Figure 7.

Time series of attenuated backscatter profiles (km−1 sr−1) as derived from the CALIOP products and from the GEOS-Chem model outputs (AER, all aerosols included; DUST, dust aerosol only). The GEOS-Chem data are averaged every day within 0°N–30°N and 17°W–35°W (white box in Figure 3); the CALIOP data are averaged along all the satellite tracks that fall into those limits. The period covers 12 months of model data (from March 2006 to February 2007), while observations are only available for 7 months.

[18] Farther away from the source regions (Figure 8), over the Caribbean, CALIOP observations show a strong backscatter at around 0.5–1 km throughout the 7-month period, similarly to what is seen close to the dust source region (Figure 7). The summertime aerosol layer located at around 4 km close to the dust source region is not apparent anymore over the Caribbean although a few episodes with enhanced attenuated backscatter can be seen in July and August. The model-derived attenuated backscatter profiles are too weak compared to CALIOP in particular during the summertime although enhanced signals in the observations do coincide with the arrival of dust outbreaks in the model. This suggests that, as mention in section 3.1, deposition during the plume transport may be too strong in the model. Errors induced by using constant LR values throughout the region and period examined here could contribute to the disagreement between model results and observations but only to a limited extent since only small changes in LR were reported during the transport over the Atlantic (from 41 ± 3 sr at 532 nm at locations near the sources to 45.8 ± 0.8 sr over the Gulf of Mexico) [Liu et al., 2008].

Figure 8.

Time series of attenuated backscatter profiles (km−1 sr−1) as derived from the CALIOP products and from the GEOS-Chem model outputs (AER, all aerosols included; DUST, aerosol only). The GEOS-Chem data are avaraged every day within 0°N–30°N and 60°W–80°W; the CALIOP data are averaged along all the satellite tracks that fall into those limits. The period covers 12 months of model data (from March 2006 to February 2007), while observations are only available for 7 months.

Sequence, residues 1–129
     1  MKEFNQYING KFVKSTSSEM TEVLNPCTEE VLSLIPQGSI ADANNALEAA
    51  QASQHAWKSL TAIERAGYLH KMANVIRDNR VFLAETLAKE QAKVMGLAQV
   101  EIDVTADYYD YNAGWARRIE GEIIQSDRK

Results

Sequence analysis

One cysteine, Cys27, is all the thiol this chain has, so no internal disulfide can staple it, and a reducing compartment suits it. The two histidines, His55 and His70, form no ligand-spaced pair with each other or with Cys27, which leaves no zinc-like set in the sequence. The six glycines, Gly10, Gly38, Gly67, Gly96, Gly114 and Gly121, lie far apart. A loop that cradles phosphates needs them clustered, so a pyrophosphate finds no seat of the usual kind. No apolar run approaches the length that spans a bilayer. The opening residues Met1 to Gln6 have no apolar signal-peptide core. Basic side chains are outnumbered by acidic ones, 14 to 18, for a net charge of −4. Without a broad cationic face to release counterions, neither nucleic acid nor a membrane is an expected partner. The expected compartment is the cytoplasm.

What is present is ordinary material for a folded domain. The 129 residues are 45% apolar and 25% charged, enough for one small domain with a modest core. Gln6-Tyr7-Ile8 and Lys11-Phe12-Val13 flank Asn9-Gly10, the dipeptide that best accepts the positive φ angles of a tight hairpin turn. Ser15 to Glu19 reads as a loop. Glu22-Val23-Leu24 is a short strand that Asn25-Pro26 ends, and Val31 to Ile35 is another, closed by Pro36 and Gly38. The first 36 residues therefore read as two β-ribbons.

4. Implications: Deposition of Dust

[19] The atmospheric input of desert dust to the oceans is a dominant source of iron to the surface of the open ocean and contributes to maintain the oceanic primary production and CO2 uptake as iron is an essential nutrient for all organisms. As aerosol distributions are strongly inhomogeneous, deposition pattern also varies significantly with space and time. Various approaches (e.g., measurements, modeling) have been used to estimate aerosol deposition but the uncertainties are still likely to be on the order of a factor 10 [Mahowald et al., 2005; Jickells et al., 2005]. Although passive satellite observations provide aerosol horizontal and temporal distributions from which deposition can be approximately derived, they do not provide direct observations of aerosol surface fluxes. Direct flux measurements using sediment traps are sparse in time and space and can lead to large errors because of the high spatial variability of aerosol deposition. Models can be used to estimate the deposition flux but this flux is clearly sensitive to the accuracy of the horizontal and vertical distribution of dust in the model. The continuous and global monitoring of aerosol profiles supplied by CALIPSO provides an additional constrain to indirectly validate models in terms of aerosol deposition flux. We argue that the comparison of our model results to passive and active spaceborne observations has demonstrated a reasonably good agreement with the limitation that too strong deposition may occur during the transport over the Atlantic (see section 3.1).

[20] Global estimates of dust deposition range from 1000 to 2000 Tg per year [Jickells et al., 2005]. Our model yields a global estimate (land and ocean) of 1120 Tg for 2006 with more than half of that amount being deposited in the tropical Atlantic, northern Africa and the Mediterranean basin. The amount of dust deposited in the tropical Atlantic in GEOS-Chem is consistent with previous estimates based on results from different modeling studies [see Jickells et al., 2005, and references therein]. Our model yields 151 Tg in 2006 in this area (5°N–27°N and 100°W–17°W). The simulated wet deposition is relatively strong in the Caribbean and off the South American coast (auxiliary material Figure S3), i.e., over the region where we suggest that deposition may be overestimated. Figure 9 presents the spatial distribution of the simulated deposition flux representative for each season. The values obtained in the Atlantic are consistent with Jickells et al. [2005]. The results of our simulation indicate that half of dust (46%) is deposited during summer, 20% in winter, and spring and less than 10% in autumn. According to our simulation, 5 Tg of dust were deposited in the tropical Atlantic (5°N–27°N and 100°W–17°W) during the episode of Saharan dust export from 30 June to 6 July 2006 (see section 3.1); most of these (80%) being deposited off the coast of South America and in the Caribbean Sea (west of 30°W) (see auxiliary material Figure S4).

Figure 9.

Accumulated GEOS-Chem dust deposition (g m−2) over January, April, July, and October 2006.

5. Summary and Conclusions